As a large tornado bore down on a Tornado Alley state’s largest city during rush hour, a major thoroughfare became a parking lot.
People in countless vehicles were sitting ducks.
This didn’t happen only in Oklahoma City on May 31 – it happened in Wichita in 2010. In both cases, the tornadoes never reached the snarled trafficways before falling apart.
But each instance reminded authorities how much people still have to learn about how to best protect themselves when a tornado threatens an urban area.
The short – and unsettling – answer, officials say, is there’s no easy one-size-fits-all option.
Sedgwick County Emergency Management Director Randy Duncan calls them “the rules of expedient shelter,” and he’s come to expect an expression that clouds faces in his audience when he describes the rules.
“There comes a moment I can tell they get nervous,” Duncan said. “They’re realizing that there is not one single thing that they can do that’s guaranteed to protect them every time they do it. They realize they’re taking a chance. That’s a thing that makes people very uncomfortable.”
There are, however, some basic rules that can serve as a launching point for anyone’s tornado safety plan, officials say.
“The things people can do to protect themselves are really pretty simple and straightforward,” Duncan said.
The first is to seek shelter underground if that is an option on short notice.
“In Kansas, we probably don’t take comfort enough in the fact that a good portion of the homes in this state are built with basements,” said Aaron Johnson, the science and operations officer for the Dodge City branch of the National Weather Service.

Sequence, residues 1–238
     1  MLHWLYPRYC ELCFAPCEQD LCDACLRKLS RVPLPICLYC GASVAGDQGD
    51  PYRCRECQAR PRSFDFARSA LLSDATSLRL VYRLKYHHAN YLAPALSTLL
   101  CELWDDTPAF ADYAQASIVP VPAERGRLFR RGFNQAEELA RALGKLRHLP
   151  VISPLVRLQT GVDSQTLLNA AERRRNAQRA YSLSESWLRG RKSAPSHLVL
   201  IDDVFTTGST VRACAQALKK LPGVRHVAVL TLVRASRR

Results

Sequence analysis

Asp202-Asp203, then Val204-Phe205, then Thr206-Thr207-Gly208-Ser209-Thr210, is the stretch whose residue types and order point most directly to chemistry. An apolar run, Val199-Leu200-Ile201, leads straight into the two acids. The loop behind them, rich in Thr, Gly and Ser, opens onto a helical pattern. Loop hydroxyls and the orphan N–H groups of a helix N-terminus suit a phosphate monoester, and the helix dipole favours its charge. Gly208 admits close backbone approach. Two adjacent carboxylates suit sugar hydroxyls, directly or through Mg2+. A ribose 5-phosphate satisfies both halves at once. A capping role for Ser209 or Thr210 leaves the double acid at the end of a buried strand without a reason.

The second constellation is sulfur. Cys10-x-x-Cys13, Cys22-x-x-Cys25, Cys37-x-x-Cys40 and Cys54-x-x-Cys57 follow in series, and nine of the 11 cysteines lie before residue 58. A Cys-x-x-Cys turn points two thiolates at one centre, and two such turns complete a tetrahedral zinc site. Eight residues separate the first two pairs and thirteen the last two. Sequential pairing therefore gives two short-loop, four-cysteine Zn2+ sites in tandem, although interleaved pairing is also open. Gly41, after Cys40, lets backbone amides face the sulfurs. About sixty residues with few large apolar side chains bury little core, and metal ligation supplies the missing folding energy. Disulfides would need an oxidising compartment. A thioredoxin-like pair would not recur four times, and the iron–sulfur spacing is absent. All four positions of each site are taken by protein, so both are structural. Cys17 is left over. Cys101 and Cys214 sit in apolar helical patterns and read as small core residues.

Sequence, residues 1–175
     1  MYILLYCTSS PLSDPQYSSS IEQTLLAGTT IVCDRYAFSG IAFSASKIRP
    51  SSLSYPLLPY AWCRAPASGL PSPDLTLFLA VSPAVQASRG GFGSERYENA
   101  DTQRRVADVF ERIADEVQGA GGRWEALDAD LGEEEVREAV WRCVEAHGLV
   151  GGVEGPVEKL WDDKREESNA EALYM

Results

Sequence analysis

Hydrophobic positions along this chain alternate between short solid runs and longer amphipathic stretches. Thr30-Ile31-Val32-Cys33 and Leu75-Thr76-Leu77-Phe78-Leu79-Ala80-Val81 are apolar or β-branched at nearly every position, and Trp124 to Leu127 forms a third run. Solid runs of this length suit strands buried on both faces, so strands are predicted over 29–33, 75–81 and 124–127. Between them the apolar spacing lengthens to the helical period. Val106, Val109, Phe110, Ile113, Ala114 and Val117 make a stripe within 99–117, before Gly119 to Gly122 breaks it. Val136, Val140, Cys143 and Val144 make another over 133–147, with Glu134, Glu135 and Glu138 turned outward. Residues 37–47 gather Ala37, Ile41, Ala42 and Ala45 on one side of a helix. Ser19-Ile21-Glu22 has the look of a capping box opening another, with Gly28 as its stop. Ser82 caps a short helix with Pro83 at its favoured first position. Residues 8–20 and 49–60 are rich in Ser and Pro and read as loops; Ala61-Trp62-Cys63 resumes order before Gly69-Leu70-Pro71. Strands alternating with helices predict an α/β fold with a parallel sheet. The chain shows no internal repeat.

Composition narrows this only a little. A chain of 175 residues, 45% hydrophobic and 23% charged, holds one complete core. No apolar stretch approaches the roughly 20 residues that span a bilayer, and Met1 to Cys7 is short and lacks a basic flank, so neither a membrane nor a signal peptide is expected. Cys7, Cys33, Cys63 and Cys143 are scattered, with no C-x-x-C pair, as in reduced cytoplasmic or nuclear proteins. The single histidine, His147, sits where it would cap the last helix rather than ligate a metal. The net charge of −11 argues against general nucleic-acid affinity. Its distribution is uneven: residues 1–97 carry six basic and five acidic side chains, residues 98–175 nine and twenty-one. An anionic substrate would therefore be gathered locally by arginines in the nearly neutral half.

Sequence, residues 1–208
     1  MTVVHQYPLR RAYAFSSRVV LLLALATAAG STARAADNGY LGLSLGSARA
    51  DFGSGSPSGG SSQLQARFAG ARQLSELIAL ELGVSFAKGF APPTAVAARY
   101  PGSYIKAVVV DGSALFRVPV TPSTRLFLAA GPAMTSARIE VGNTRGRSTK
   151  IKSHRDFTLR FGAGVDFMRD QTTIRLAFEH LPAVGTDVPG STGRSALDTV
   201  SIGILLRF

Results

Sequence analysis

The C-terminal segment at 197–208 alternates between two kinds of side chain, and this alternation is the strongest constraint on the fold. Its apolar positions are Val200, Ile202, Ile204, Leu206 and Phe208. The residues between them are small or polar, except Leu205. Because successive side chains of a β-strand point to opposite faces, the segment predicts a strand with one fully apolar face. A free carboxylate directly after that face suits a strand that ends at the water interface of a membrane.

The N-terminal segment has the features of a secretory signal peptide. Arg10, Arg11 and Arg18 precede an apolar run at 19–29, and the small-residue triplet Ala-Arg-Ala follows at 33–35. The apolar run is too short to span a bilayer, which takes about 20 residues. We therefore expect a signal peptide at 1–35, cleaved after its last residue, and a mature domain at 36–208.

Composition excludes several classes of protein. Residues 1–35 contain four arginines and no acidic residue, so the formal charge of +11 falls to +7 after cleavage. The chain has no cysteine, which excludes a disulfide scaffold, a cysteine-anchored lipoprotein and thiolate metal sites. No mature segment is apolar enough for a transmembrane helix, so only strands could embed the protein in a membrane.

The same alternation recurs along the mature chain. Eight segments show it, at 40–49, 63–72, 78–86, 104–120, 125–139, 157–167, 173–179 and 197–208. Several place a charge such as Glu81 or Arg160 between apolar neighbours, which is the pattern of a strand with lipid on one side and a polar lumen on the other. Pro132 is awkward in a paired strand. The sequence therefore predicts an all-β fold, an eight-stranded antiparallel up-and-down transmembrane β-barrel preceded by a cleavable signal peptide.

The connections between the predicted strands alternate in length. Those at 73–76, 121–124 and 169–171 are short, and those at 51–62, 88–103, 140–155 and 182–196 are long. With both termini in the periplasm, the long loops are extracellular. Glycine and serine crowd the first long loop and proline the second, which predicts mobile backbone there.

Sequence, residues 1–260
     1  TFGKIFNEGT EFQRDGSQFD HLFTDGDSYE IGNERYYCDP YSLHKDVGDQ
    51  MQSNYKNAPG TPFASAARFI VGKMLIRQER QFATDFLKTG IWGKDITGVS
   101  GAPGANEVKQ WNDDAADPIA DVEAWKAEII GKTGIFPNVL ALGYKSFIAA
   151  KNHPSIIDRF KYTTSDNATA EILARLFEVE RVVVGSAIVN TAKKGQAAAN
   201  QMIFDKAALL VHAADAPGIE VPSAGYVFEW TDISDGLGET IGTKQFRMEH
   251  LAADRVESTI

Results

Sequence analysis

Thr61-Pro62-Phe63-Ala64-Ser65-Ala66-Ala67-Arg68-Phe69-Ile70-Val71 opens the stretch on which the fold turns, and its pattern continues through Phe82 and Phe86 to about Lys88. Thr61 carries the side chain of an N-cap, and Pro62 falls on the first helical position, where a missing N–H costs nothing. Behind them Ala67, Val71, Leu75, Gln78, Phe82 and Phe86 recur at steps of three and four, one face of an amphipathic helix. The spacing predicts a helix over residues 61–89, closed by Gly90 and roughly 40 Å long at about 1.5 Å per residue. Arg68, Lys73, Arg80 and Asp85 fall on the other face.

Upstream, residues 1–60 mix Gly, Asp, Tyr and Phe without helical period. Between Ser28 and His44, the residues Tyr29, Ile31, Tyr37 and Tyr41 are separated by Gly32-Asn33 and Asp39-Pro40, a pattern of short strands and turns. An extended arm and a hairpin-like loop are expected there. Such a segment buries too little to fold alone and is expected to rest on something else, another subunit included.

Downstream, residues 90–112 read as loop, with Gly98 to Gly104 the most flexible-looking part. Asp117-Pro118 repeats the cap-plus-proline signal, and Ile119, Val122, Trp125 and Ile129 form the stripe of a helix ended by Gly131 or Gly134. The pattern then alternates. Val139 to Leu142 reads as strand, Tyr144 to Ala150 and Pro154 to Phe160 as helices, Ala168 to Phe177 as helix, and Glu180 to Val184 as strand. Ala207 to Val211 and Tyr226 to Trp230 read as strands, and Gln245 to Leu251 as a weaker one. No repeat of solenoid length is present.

Those without basements should identify neighbors who have them or a church or nearby business that has a shelter available.
As a general rule, Duncan said, people should stay off the road if a tornado has been confirmed. As the Moore and El Reno, Okla., tornadoes showed last month, striking a little more than a week apart, the road is “a dangerous place to be,” he said.
Major tornado threats now are typically detected several days in advance, he said, so people should be aware of the dangers and map out their day with the possible need for shelter in mind.
“If you are already out on the road and you don’t have anywhere else to go, be willing to pull that vehicle off to the side of the road,” Duncan said. “Be ready to take cover in a ditch or ravine.”
AccuWeather senior vice president Mike Smith cautioned against using drainage culverts as shelter, though. Two people drowned in a culvert while seeking shelter in Oklahoma City when the strong thunderstorms that accompanied the May 31 tornadoes triggered flash flooding.
Wichita does not have public tornado shelters, Duncan said, because authorities do not want a repeat of what happened when Wichita Falls, Texas, was hit by a tornado in 1979. People left houses where they were safe to drive to public shelters and were killed en route.
The American Red Cross does encourage residents of mobile homes to leave those structures and drive to shelter if necessary.
“If flying debris occurs while you are driving, pull over and park,” the organization’s website states.
Then consider these options “as a last resort,” the Red Cross states:
Taking shelter under an overpass is one of the worst things you can do, Smith and others say.
Yet so many vehicles parked beneath the I-235 overpass at K-42 as a tornado threatened Wichita on May 19 that K-42 was completely blocked, Wichita storm chaser and extreme weather photographer Jim Reed said.
“Emergency vehicles wouldn’t have been able to get through,” he said.
An underpass works as a wind tunnel, Duncan said, actually speeding up the winds passing beneath the bridge. That makes them more dangerous for someone seeking shelter than simply lying in a ditch.
More than one person died under an overpass in the May 3, 1999, tornado that struck Moore. Whether any of the 20 people killed in the May 31 storms died under an overpass has not yet been released.